Crops



Planting progress catches average, trails last year

Excessive soil moisture continued to delay planting and fieldwork, according to Cheryl Turner, State Statistician, USDA NASS, Ohio Field Office. Topsoil moisture conditions were rated 1 percent short, 52 percent adequate, and 47 percent surplus. Statewide, the average temperature for the week ending May 29 was 63.3 degrees, 0.1 degrees above normal. Weather stations recorded an average of 1.19 inches of precipitation, 0.14 inches below average, with late-week rain saturating fields and generating runoff. There were 2.4 days suitable for fieldwork during the week ending on May 29.

Farmers described inadequate opportunities for fields to dry, with some areas of the State reporting ponding. Livestock were doing well in pasture, benefitting from moderate temperatures and green grass. Corn was 72 percent planted, and 51 percent of corn had emerged. Soybean planting progress was 56 percent, while 29 percent were emerged. Oats were 96 percent planted and 86 percent of oats were emerged.… Continue reading

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Managing nitrogen in 2022

By Roy Ulrich, technical agronomist for Dekalb and Asgrow, Southern Ohio

Adequate rates of nitrogen available to a corn plant during the entire growing season is a foundation to a successful harvest. This fact is foundational that Fred Below from the University of Illinois in his “Seven Wonders of the Corn Yield World” ranked nitrogen as the second most important factor in corn yield, only to be outdone by weather. 

If nitrogen is that critical to a successful crop, then what is the correct rate of nitrogen for an acre of corn? The old school approach would be to take a yield goal and multiply it by 1.25 pounds  per bushel so a 250-bushel per acre yield goal would require an application rate of 312 pounds per acre of nitrogen. As most know, nitrogen isn’t quite this simple and isn’t this cut and dry when it comes to final yield. 

When it comes to actual nitrogen rates, like most good agronomy answers, when it comes to nitrogen needed “it depends” is the correct answer.… Continue reading

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Vineyard Expansion Assistance Program open to Ohio Vineyards

The 2022 Vineyard Expansion Assistance Program (VEAP) is now open to new and existing Ohio vineyards. VEAP allows wineries to invest in and plant high-quality, high-value grapes onsite instead of purchasing them from other states. The VEAP is an incentive program created and funded by the Ohio Grape Industries Committee (OGIC).

Due to the small number of grapes produced in Ohio, many wineries, farmers markets, and retailers are forced to purchase grapes of several different varieties from other states in order to meet production needs. The VEAP is designed to provide a more stable source of high-quality, high-value grapes grown in Ohio. Additionally, the program will allow for more Ohio wines to qualify for the Ohio Quality Wine (OQW) program and increase consumer awareness of Ohio’s premier wines made from Ohio-grown grapes.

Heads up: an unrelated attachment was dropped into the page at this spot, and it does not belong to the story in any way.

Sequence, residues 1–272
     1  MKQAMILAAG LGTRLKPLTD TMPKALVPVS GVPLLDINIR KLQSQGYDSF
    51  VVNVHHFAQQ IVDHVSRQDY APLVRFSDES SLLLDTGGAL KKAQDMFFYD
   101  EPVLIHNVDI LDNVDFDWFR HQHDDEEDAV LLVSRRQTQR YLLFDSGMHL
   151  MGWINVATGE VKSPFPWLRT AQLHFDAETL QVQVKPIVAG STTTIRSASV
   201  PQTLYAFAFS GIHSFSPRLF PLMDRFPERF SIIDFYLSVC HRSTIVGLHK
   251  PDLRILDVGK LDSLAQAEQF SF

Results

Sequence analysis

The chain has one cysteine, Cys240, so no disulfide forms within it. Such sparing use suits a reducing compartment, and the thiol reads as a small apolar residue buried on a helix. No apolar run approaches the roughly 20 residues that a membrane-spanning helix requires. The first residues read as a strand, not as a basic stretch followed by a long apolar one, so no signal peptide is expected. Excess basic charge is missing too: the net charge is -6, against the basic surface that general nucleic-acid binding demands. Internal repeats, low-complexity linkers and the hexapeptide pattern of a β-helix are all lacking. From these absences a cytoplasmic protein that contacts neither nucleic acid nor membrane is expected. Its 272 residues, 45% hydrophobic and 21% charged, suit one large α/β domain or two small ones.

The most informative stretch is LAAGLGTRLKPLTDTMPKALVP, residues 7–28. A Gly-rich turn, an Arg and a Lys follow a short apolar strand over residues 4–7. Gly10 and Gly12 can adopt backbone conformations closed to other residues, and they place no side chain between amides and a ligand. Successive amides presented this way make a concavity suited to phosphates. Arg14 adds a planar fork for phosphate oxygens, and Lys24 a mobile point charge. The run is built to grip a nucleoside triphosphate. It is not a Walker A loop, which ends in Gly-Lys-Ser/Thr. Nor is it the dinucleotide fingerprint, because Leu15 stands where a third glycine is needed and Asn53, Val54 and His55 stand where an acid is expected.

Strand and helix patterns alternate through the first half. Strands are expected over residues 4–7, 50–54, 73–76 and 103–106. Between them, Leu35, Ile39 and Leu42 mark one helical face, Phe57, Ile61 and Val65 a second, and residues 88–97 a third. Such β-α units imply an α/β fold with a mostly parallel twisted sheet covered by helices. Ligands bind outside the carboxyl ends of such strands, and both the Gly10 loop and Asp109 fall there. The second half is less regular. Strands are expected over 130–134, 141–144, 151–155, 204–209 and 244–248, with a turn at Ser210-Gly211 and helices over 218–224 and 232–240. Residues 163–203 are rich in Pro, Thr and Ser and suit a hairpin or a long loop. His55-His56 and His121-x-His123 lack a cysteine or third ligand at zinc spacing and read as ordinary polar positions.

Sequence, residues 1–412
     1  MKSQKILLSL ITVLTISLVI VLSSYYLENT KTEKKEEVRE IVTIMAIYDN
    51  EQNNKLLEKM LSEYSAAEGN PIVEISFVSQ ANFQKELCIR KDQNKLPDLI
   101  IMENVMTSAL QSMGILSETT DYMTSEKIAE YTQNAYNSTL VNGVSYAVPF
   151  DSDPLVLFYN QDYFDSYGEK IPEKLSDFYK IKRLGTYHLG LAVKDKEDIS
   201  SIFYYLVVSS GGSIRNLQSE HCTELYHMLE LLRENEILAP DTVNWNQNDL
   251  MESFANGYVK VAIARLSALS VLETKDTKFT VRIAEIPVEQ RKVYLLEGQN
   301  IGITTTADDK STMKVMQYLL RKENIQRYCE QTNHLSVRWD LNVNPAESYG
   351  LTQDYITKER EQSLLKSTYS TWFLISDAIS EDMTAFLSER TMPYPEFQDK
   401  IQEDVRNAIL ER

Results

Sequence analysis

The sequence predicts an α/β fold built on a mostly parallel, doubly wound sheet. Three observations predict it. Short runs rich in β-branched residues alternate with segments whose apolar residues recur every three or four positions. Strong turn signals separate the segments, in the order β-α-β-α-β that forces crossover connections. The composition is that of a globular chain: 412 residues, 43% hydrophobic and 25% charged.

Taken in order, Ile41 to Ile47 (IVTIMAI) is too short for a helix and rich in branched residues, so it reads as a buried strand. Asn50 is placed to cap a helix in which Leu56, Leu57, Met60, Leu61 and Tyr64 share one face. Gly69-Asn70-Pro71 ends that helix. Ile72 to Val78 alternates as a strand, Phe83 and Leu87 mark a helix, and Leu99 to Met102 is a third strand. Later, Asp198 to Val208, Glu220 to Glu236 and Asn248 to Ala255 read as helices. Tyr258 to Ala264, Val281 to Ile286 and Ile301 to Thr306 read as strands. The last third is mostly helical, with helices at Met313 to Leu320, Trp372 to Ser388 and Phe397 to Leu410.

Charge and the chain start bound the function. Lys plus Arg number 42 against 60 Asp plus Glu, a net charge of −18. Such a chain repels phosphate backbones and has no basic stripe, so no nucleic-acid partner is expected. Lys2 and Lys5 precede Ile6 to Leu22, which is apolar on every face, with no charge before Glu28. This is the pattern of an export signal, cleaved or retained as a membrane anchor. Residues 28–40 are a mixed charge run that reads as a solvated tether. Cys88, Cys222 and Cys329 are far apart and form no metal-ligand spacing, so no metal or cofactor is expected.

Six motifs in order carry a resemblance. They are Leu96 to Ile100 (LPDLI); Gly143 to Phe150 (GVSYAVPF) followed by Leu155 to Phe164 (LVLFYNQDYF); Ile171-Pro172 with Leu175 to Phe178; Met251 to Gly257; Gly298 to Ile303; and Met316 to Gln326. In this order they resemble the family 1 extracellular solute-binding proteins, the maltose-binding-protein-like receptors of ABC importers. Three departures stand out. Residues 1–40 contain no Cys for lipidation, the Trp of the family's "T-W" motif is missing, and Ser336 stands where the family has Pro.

The VEAP funding will cover the cost of the grape vines planted. Each grower may apply for up to $1,500 per half-acre with a maximum of three acres, or $9,000.… Continue reading

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SCN testing in newly planted corn fields

By Dusty Sonnenberg, CCA, Ohio Field Leader, a project of the Ohio Soybean Council and soybean checkoff

In an effort to better understand the dynamics of soybean cyst nematode (SCN), Horacio Lopez- Nicora, assistant professor, Soybean Pathology and Nematology, in the Department of Plant Pathology at The Ohio State University, College of Food, Agriculture and Environmental Sciences, is conducting research funded by the Ohio Soybean Council and soybean check-off. This research is evaluating SCN levels in both corn and soybean fields.

“This is a research opportunity for growers to participate and help us understand the reproduction factors of SCN in Ohio,” Lopez-Nicora said.

The research requires farmers to collect soil samples from both corn and soybean fields at planting and again at harvest.

“We want farmers to take a sample at planting, and it doesn’t matter if it is corn or soybeans,” Lopez-Nicora said. “Results from this first sample will be the initial population of SCN.… Continue reading

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Soybean seed germination concerns

Matthew Wilde Progressive Farmer Crops Editor

ANKENY, Iowa (DTN) — Poor soybean seed quality in some varieties and lots may cause lower-than-normal germination rates, which could lead to poor emergence and thin stands. There are several steps farmers can take, though, to mitigate potential issues.

A few soybeans are beginning to poke through the ground in some parts of the Midwest this week. But farmers yet to plant may want to check seed tags, as reports of lower germination rates than normal might require population adjustments.